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My curiosity is merely of whether (in a future where we have computers with the processing power of the human brain) it's possible that actually simulating a neural network's physical behavior on the most fundamental level might be more effective than using algorithms to reach the same result.

I'm hoping for an answer which argues this topic on a purely fundamental level.


Is it likely (or not) that we might achieve a superior (more efficient, more intelligent, more dynamic) result by simulating the advanced behavior of neural interaction (the neuro-activity patterns the brain experiences to form emotions, develop conclusions, processes sensory data, establish and/or revisit memories, etc) than we can reach by using shortcuts (advanced machine learning algorithms, etc)?

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Very interesting question. Although I have not a single little bit of expertise in this area, I do have some references you may want to read. First is a paper by Merz and Fromherz (2005) where they grew snail neurons on a silicon chip. Pfister et al (2007) also tried to grow neurons to allow interfacing between neurons and machine (for neural prosthesis e.g.). There is thus definitely a field of research that believe neural interfacing may be better than mechanical and algorithmic networks.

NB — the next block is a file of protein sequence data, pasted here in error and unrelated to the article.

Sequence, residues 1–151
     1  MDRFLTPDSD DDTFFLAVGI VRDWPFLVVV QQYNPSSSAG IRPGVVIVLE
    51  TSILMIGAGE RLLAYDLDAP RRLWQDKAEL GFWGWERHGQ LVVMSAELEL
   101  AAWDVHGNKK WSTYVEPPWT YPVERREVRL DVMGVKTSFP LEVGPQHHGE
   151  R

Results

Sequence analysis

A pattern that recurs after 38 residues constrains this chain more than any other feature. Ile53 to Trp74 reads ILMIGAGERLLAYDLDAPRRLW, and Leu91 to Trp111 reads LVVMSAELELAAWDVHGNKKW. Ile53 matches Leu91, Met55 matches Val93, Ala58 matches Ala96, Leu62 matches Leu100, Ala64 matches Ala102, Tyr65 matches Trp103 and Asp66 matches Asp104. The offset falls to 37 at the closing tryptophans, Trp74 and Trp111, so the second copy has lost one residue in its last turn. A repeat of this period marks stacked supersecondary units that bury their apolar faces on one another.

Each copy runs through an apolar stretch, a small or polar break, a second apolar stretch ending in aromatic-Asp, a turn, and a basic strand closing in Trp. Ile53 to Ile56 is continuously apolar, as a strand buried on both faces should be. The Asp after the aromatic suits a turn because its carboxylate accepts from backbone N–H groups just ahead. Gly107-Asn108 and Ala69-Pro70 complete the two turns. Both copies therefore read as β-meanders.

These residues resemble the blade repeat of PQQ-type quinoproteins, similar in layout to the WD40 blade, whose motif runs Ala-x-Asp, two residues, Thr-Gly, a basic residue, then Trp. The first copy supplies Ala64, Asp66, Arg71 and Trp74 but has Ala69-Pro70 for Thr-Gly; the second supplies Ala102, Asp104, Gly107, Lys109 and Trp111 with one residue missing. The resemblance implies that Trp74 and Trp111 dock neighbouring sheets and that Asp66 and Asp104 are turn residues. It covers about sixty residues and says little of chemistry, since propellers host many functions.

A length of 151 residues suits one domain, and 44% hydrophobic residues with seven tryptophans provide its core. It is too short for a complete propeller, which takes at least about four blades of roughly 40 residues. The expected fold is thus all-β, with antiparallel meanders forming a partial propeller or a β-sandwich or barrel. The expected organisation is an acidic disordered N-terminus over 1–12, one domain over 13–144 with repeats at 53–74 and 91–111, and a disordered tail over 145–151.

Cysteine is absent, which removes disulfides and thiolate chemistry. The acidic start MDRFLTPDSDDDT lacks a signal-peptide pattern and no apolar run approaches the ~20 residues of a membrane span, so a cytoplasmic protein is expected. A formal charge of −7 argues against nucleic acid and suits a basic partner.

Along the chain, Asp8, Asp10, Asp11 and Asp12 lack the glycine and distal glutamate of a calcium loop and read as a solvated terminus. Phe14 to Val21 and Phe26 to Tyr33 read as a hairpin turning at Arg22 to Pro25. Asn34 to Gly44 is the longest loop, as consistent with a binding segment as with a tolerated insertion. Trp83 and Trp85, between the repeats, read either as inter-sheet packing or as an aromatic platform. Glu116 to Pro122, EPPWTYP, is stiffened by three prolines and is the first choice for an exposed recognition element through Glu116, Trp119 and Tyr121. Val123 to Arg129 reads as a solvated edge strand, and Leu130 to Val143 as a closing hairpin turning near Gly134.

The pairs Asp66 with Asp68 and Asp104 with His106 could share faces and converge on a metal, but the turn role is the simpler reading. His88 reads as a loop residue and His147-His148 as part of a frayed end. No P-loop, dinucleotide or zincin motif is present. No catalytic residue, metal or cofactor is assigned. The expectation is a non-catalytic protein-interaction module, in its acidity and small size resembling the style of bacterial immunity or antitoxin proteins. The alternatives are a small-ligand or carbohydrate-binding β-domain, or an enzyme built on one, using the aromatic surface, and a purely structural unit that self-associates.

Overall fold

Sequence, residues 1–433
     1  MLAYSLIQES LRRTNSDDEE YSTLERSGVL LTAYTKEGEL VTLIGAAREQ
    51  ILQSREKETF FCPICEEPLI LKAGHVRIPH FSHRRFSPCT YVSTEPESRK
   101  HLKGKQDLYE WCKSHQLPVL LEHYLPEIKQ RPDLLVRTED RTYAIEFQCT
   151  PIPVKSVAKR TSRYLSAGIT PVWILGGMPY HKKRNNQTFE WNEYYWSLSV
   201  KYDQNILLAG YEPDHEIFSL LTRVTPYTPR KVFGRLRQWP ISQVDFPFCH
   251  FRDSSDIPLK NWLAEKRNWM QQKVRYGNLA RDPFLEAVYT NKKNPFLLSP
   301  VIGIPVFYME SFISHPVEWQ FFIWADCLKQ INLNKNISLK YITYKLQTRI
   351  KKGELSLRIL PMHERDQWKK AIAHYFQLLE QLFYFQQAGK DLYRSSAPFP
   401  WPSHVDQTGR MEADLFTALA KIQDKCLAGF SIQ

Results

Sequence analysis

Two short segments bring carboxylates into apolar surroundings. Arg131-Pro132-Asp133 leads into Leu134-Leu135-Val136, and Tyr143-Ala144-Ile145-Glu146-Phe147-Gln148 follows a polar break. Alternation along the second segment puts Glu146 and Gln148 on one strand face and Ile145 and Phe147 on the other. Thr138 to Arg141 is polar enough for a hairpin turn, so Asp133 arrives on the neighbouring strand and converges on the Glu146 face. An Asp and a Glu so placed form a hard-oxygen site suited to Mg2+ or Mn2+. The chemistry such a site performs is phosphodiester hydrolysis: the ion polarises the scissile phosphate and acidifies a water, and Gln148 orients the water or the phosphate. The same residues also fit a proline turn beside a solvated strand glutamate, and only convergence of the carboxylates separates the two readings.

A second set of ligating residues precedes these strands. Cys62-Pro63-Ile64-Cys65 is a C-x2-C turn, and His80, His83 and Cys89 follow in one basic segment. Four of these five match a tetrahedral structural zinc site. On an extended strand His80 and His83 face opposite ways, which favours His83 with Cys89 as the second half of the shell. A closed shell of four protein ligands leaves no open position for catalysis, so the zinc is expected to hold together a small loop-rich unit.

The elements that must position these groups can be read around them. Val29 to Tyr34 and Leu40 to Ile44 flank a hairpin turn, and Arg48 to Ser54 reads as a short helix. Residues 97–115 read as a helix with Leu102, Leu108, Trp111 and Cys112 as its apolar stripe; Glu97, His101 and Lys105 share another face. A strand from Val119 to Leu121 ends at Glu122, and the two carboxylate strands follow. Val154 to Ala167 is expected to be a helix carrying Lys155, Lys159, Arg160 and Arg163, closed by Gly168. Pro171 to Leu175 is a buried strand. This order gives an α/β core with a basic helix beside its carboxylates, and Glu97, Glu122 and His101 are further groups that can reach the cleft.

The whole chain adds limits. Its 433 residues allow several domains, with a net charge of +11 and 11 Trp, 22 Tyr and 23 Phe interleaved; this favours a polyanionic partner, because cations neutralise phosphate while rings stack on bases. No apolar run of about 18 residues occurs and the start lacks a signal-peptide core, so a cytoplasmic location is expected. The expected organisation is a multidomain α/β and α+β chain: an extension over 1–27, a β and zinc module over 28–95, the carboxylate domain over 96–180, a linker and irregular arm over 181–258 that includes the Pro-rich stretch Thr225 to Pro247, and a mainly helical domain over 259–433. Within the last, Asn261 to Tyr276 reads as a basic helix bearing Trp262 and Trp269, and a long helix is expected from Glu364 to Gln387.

There has been 10 years worth of research since these papers so I bet there are some advancements that may give you a more definitive answer than mine.

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